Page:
Quesadillas are a treat suitable for any season


A great side to serve with chili, they also work as an appetizer


March 02, 2003|By Betty Rosbottom | Betty Rosbottom,Special to the Sun

Although my husband and I do not belong to a gourmet eating club, we do have a small circle of friends with whom we occasionally share potluck suppers.

Our group follows no particular schedule. Instead, we assemble at random times of the year, when one of us proposes a date.

Several days ago, I initiated a get-together to counter the midwinter blahs. I suggested that we collect at our house for a Friday night supper and, adding a new twist, that we watch a movie afterward. Our clan, made up of devoted movie fans, met this idea enthusiastically and chose the classic comedy Some Like It Hot as the evening's entertainment.

We decided to coordinate the menu with the film's title and selected a spicy chili to anchor our meal. To precede our hot entree, there was a platter of piquant, curry-scented deviled eggs, which we nibbled in front of a roaring fire. A big bowl of chili was arranged on the buffet and served with white rice and garnishes of minced red onion, grated cheddar, sour cream and homemade guacamole. A basket of steaming-hot corn bread, a platter of grilled quesadillas and a mango-avocado salad completed the spread. Since one of the guests had a birthday the following day, we finished with a chocolate cake topped with candles.

When we adjourned to watch the 1959 Billy Wilder hit, starring Marilyn Monroe, Tony Curtis and Jack Lemmon, there were bowls of jelly beans, gummy bears and mini chocolate bars for snacking.

My dinner contribution was Corn and Black Bean Quesadillas. For the filling, I combined sauteed corn kernels, chopped red onion and black beans with seasonings of lime, cilantro and grated pepper Jack cheese.

Flour tortillas were stuffed with this mixture half an hour before serving and needed only to be quickly heated on a stove-top grill or pan-fried in a skillet before serving. Even though it was winter, I was able to find fresh corn, but the quesadillas are equally good made with defrosted frozen kernels. I also used well-rinsed and dried canned black beans, rather than cooking the beans from scratch. This proved to be a real time saver as well.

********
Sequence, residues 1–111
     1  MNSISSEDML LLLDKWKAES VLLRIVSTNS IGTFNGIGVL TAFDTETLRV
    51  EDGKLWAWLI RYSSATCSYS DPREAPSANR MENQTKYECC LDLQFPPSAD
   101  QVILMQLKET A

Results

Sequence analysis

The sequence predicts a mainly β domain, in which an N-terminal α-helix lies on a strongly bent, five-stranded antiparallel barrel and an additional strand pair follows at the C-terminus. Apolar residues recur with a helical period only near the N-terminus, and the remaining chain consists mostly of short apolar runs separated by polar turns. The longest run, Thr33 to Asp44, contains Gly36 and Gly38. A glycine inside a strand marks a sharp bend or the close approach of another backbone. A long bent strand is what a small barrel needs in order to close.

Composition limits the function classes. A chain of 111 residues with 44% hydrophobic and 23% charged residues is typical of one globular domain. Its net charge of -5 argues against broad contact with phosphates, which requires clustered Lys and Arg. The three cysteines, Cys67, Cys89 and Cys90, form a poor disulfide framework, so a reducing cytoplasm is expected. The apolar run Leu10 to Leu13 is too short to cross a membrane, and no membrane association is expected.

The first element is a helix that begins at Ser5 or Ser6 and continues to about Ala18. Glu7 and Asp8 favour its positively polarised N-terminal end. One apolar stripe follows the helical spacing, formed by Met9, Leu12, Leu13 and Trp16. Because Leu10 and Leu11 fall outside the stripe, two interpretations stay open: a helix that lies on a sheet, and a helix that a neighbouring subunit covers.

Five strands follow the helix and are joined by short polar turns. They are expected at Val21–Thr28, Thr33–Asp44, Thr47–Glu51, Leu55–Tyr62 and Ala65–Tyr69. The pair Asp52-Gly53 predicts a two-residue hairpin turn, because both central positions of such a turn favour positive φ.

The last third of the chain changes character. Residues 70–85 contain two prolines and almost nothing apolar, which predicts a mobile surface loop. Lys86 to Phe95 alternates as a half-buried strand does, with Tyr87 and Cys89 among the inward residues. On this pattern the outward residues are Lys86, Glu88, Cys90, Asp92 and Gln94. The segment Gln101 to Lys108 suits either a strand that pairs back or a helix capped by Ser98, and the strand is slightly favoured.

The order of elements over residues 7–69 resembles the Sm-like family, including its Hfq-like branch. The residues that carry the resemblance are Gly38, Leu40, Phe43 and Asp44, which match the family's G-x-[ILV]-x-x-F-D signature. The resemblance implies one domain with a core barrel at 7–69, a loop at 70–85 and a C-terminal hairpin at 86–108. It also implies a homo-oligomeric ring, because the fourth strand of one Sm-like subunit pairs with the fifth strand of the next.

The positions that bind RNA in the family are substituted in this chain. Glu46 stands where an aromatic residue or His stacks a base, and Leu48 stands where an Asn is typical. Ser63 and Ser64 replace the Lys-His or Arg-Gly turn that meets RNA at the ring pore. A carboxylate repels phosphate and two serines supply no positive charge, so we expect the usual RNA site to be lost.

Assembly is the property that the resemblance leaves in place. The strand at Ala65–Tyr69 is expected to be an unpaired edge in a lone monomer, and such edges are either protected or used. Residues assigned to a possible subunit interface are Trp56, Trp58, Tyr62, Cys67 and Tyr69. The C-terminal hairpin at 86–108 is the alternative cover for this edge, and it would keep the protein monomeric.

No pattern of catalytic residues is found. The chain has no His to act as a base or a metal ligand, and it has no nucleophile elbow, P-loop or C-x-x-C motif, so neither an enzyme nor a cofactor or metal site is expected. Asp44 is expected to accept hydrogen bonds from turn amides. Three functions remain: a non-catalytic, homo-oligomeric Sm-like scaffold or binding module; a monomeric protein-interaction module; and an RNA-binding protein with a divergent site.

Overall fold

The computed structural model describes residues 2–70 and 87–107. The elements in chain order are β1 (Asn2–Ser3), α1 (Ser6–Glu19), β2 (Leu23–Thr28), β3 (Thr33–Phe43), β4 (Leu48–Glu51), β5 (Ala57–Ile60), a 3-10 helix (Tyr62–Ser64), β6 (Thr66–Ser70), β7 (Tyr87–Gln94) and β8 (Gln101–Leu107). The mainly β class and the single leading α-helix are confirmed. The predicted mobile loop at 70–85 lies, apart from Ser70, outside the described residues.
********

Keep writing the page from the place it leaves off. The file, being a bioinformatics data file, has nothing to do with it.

The quesadillas made a delectable accompaniment to the chili, but they could easily be offered as appetizers or as an accompaniment to a salad for a light lunch or supper.

--Distributed by Tribune Media Services International.

Corn and Black Bean Quesadillas

Serves 12

2 tablespoons olive or vegetable oil plus extra for cooking quesadillas

1 cup chopped red onion

1 cup fresh corn kernels or 1 cup frozen corn, defrosted and patted dry

one 15-ounce can black beans, rinsed, drained and patted dry

1/2 teaspoon grated lime peel

2 teaspoons lime juice

3/4 cup grated pepper Jack cheese

1/2 teaspoon salt

2 tablespoons plus 1 teaspoon chopped cilantro, divided

scant 1/8 teaspoon crushed red pepper flakes, optional

Six (8-inch) flour tortillas

Heat 2 tablespoons oil in a large, heavy skillet over medium high heat.

When hot, add onion and corn. Cook, stirring until softened and just lightly browned, 4 to 5 minutes. Remove from heat and stir in black beans, lime peel and juice, cheese, salt and 2 tablespoons cilantro. Taste and, if spicier flavor is desired, add red pepper flakes.

Place tortillas on a work surface. Spread about 1/2 cup of corn / black bean mixture over half of each tortilla. Fold tortillas in half and press down to form half-moon shapes. (Tortillas can be prepared 30 minutes in advance. Cover with a slightly dampened kitchen towel and leave at cool room temperature until heating.)

If you have a stove-top grill pan, oil it lightly. If you do not, use a large skillet and coat the bottom with a little oil. Place grill pan or skillet over medium-high heat and, when hot, add enough quesadillas to fit comfortably in a single layer. Cook until golden brown on the outside and the cheese has melted inside, 2 minutes or less per side. Remove and cover loosely with foil, while you finish cooking remaining quesadillas.

Place cooked quesadillas on a chopping board and with a large, sharp knife, cut each into 2 equal triangles. Arrange quesadillas in overlapping rows on a heated serving platter. Sprinkle with remaining cilantro.

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